And then came the Sinn Fein statement. They too jumped on the AAD bandwagon.

This is a malicious and contrived case of felon setting, all to protect the political process and ensure that Sinn Fein and the DUP can’t proceed propping up institutions that have been on life support for quite some time.

It just doesn’t add up, the PSNI know AAD couldn’t have carried out the hit, Sinn Fein know it and the dogs on the street know it- yet all are keen to firstly build this low level group of petty criminals up into some major criminal outfit, and secondly to fix the blame on them for carrying out a murder that could bring down the peace process, if it was found out who really planned it, ordered it and carried it out.

The PSNI are showing a callous disregard for human life. There is every chance that some low level petty criminal will end up dead- all because of these dangerous games of felon setting, designed to protect the political process.

It is beyond doubt that some innocent player in all this, probably connected to AAD, will be made the scapegoat for all of this and they will either be buried along with any political ramifications that could have arisen or they will be locked away for a long time having been fitted up for soemthing they did not do.

This all leaves us in strange position. The DUP need NAMA to go away and Sinn Fein need this murder to go away- and there lies the basis for the mutual veto on progress, a veto that if overcome will lay the basis for the continuation of the Assembly.

Buried underneath could well be the bodies of innocent people who were built up, blamed and sacrificed- all to ‘protect the process’!

Jamie Bryson



Smoke and Mirrors: The IRA Murder of Kevin McGuigan: Jamie Bryson

Smoke and Mirrors: The IRA Murder of Kevin McGuigan


The murder of Kevin McGuigan has brought into the public consciousness the very real problems with Policing and justice in Northern Ireland.
Policing decisions, statements and arrests have to be carefully weighted between pursuing justice and protecting the fragile political process.

Sinn Fein have already warned it would be ‘unhelpful’ to suggest IRA involvement. They made similar statements following the Columbia three, Robert McCartney & Paul Quinn murders- and the Northern Bank robbery. No one believed them then, and no one believes them now.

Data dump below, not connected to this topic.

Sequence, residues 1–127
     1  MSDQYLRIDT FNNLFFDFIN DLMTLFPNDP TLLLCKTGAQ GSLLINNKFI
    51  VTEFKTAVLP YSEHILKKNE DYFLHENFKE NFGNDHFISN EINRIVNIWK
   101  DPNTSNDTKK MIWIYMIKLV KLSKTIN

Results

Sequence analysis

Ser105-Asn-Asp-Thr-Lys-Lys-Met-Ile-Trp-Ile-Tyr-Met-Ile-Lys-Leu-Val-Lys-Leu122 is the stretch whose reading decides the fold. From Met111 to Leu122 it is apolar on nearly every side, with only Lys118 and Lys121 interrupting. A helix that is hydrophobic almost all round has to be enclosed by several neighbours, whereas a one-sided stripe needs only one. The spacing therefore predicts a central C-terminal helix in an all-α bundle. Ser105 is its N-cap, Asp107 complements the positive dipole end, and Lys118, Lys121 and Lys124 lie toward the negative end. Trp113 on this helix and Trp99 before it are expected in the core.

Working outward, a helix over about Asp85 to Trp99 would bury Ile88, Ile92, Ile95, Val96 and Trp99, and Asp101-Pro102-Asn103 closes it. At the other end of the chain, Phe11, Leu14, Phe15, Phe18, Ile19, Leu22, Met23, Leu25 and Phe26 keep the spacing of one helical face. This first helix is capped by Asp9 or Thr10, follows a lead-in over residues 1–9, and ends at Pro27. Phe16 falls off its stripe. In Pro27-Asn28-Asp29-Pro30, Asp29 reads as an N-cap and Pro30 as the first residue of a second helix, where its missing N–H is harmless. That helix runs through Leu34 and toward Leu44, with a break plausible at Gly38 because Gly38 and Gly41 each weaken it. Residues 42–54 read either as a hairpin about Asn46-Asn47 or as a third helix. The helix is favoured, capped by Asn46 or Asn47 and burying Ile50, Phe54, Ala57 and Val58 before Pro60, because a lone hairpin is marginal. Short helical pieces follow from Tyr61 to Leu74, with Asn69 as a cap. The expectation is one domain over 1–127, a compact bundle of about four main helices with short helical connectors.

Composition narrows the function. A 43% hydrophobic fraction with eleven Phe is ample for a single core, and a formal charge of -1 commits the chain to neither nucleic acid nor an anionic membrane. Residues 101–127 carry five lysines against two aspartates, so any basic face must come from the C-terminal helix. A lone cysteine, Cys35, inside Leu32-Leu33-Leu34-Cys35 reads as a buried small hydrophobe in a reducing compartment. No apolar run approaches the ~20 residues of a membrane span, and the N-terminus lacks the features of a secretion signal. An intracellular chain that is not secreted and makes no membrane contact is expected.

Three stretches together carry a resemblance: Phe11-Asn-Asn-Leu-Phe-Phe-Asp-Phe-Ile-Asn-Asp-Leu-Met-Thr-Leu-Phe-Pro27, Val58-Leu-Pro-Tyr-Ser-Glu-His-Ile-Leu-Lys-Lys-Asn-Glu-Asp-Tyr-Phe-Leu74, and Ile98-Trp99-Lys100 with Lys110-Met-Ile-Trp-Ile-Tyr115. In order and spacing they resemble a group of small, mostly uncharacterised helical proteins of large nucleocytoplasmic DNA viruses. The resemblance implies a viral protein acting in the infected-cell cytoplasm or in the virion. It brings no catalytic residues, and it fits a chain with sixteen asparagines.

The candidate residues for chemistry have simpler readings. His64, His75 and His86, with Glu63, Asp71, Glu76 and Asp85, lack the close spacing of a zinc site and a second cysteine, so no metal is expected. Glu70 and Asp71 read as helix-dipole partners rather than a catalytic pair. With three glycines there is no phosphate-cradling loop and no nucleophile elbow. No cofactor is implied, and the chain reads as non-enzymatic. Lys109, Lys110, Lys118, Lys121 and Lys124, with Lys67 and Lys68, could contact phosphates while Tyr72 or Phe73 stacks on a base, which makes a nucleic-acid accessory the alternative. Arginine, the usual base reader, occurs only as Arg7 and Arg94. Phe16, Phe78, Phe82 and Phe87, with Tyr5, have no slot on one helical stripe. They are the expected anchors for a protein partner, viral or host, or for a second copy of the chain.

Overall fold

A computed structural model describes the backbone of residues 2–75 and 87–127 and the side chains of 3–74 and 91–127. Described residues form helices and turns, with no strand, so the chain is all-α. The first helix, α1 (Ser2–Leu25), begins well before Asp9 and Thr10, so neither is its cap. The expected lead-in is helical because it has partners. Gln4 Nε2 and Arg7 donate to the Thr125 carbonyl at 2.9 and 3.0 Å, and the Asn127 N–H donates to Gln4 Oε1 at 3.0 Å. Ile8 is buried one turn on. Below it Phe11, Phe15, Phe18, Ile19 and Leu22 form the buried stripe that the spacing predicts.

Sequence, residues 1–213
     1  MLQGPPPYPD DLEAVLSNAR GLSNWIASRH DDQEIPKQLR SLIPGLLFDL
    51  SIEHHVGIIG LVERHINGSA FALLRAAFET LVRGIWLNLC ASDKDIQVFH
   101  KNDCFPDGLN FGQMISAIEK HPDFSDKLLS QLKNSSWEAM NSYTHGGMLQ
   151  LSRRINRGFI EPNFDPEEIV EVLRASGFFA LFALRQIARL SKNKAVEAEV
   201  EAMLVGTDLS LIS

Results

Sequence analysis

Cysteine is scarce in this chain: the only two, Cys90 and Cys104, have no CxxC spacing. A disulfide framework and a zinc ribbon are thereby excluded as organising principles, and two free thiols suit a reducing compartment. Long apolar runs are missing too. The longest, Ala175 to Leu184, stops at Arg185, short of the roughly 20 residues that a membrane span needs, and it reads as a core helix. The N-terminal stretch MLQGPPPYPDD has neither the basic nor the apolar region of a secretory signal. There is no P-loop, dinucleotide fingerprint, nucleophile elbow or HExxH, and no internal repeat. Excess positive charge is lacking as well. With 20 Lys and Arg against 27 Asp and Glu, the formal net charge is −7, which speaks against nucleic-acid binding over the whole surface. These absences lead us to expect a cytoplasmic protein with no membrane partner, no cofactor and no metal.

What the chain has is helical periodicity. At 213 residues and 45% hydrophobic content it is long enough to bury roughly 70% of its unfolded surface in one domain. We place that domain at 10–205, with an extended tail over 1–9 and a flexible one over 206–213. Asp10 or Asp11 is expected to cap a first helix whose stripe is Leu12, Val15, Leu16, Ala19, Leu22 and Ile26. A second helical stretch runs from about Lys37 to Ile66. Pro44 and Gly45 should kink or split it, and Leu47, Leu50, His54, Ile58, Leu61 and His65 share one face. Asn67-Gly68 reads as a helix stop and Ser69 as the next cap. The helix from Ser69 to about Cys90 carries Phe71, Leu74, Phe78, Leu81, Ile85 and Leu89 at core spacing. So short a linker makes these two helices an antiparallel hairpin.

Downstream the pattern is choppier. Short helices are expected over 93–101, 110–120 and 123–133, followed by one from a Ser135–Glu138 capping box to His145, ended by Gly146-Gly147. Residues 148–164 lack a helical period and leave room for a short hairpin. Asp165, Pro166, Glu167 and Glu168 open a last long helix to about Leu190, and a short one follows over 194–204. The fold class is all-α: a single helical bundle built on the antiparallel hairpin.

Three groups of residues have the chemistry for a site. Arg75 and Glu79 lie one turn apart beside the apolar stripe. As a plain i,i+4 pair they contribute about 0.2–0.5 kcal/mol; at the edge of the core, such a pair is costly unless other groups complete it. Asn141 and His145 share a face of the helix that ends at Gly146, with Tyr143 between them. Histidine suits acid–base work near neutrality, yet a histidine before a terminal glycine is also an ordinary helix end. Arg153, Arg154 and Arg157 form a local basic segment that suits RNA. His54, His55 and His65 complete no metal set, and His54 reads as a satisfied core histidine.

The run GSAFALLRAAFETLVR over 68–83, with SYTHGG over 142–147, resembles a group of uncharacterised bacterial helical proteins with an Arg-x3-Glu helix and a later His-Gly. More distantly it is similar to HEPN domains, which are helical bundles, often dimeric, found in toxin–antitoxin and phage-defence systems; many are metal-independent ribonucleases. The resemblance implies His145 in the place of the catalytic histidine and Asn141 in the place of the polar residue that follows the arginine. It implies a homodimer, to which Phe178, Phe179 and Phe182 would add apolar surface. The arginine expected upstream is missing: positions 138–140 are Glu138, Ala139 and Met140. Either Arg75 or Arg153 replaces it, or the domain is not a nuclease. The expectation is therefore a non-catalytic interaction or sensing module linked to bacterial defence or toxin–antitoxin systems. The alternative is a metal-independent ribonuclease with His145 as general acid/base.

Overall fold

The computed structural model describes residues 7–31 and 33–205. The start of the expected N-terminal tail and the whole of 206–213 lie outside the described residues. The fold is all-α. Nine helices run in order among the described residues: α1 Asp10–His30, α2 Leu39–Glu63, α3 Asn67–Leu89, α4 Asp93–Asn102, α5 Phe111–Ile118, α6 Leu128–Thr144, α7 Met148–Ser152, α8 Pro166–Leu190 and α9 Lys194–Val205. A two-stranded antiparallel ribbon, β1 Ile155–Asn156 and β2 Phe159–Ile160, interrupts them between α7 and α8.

The majority of those arrested as part of the PSNI murder investigation are members of Sinn Fein. All are IRA members.

Shankill Bomber Sean Kelly, whose life licence appears to be made of Teflon, is a Sinn Fein member and helped with Gerry Kelly’s election campaign.

The man charged today with possesion of a firearm, Patrick Fitzpatrick, is a member of Sinn Fein.

One of those who is widely believed to have been the gunman- Sean Clinton from Short Strand- is a Sinn Fein member and is still in police custody.

The PSNI have today admitted what everyone knew a week ago- IRA members were involved- but in typical ‘protect the process’ style, the PSNI have added the caveat that ‘it was not sanctioned at command level’.

This is a ludicrous statement, how would the PSNI assess if it was issued at a command level when we are expected to believe the IRA do not exist? Did they make the assessment of a non-existent command structure and decide they couldn’t find any evidence the very same non-existent structure had sanctioned the murder?

Or are the PSNI accepting that some resemblance of the old IRA command structure still exists? Given the murder was ordered by what would have been the Belfast Brigade staff, does this mean that the PSNI are just simply keeping up appearances by letting on ‘they have gone away’? The PSNI assessment leads to questions around exactly what command structure they assessed?

Sinn Fein could not stop this murder, it was happening whether they liked it or not, so instead of actually falling out with the hardliners- they will pretend in political and security circles, that they are furious.

In reality Sinn Fein accepted the reality of the situation and will now manipulate it to present a ‘serious situation’ to the British government and claim that ‘big players’ could go dissident. This will be Sinn Fein’s latest leverage when it comes to extracting concessions.

Of course Peter Robinson threatened consequences if the IRA were found to be involved. Much like the DUP’s partner in government, Sinn Fein, no one really pays much attention to the threats or denials anymore- it is usually just a tissue of lies designed to mislead and cover the tracks of their associates- in Sinn Fein’s case their terrorist assosicates, in Peter Robinsons his higher class of white collar criminal assosicates. Fine bedfellows in OFMDFM.